The start of the play sees the performers wearing costumes made out of paper. The men have come from the Philippines to make a living and send money home. The play sensitively explores the themes of isolation (the elderly men and their carers), loneliness, homesickness, different cultures/religions and, of course, sexuality. We see how the Filipinos look after their frail elderly charges with great care and frequently become good friends. The carers are only allowed to work according to their letters of introduction so when an old man dies, the Filipino is without a job and open to deportation. Whether they are dressed as men or women the carers always look feminine and even paint their nails.

The characters have verisimilitude and the acting, particularly of the five stars, is always charming. Make the journey to Kilburn as soon as you can to see this most unusual show.

Box office: 020 7328 1000

TED CRAIG reviews ABOVE ME THE WIDE BLUE SKY in The Maria Studio at the Young Vic (until 28 March). It is devised and directed by David Harradine and Sam Butler and performed by Laura Cubitt.

Laura Cubitt in Above Me the Wide Blue Sky, Young Vic, London

Fevered Sleep and Fuel Theatre have collaborated on many productions together and are associate companies of the Young Vic. This new production is part installation and part performance. You are invited to turn up early and inspect the performance area with seating on four sides and a square in the centre of the space made of small white concrete blocks, amongst these blocks, metal poles with an assortment of lamps on them and some small television screens propped up against them. Above the audience large screens on all four sides with moving clouds projected on them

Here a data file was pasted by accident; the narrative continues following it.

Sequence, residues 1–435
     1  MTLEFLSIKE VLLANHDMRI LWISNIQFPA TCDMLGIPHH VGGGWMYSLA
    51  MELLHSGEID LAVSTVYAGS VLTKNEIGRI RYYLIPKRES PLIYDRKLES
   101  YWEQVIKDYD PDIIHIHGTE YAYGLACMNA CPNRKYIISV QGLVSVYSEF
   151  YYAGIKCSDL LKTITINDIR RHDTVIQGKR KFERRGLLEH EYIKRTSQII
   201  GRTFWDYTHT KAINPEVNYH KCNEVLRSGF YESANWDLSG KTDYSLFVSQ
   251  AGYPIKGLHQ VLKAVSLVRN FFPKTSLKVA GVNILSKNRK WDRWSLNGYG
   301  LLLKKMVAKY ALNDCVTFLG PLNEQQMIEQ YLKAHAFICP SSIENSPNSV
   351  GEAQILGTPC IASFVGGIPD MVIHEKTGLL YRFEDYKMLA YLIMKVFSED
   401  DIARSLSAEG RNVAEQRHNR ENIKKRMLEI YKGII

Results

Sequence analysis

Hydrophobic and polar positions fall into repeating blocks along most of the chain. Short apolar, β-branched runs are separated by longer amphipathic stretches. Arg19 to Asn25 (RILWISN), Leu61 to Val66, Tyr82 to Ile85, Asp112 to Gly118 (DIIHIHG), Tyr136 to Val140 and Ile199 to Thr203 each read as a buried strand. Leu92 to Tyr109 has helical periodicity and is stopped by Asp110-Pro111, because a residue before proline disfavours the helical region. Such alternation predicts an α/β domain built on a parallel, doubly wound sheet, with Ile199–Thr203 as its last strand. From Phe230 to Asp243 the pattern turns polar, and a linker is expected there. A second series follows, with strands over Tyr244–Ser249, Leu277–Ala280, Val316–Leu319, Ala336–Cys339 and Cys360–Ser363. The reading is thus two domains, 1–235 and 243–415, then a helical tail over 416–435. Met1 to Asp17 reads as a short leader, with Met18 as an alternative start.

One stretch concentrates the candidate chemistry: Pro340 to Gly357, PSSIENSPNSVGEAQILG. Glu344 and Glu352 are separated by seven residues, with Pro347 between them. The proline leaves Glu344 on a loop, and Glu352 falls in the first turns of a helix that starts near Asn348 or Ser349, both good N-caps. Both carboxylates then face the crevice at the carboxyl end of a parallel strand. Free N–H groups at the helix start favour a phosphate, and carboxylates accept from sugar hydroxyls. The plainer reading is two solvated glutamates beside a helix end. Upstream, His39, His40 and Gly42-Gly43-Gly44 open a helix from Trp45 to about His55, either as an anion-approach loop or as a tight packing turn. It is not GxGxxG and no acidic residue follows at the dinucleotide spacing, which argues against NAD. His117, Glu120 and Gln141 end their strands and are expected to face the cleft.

A woman (Laura Cubitt) enters with a small dog on a lead; they take time looking at the assembled audience before the dog (Leuca the whippet) retires to a blanket and the woman seats herself on a stool.

The clouds keep moving, the lights constantly change and images appear on the small screens.

The woman tells us a collection of stories about our deep-rooted, deeply felt, easily overlooked and profoundly important connection to the land, the sky, the sea, the weather and the other living things that surround us.

When her monologue comes to an end she bows, the dog also bows, and they exit. And we are left to contemplate the setting. We have experienced the new type of performance art - beautifully executed and performed but sleep-inducing.

To book tickets:www.youngvic.org or call 020 7922 2922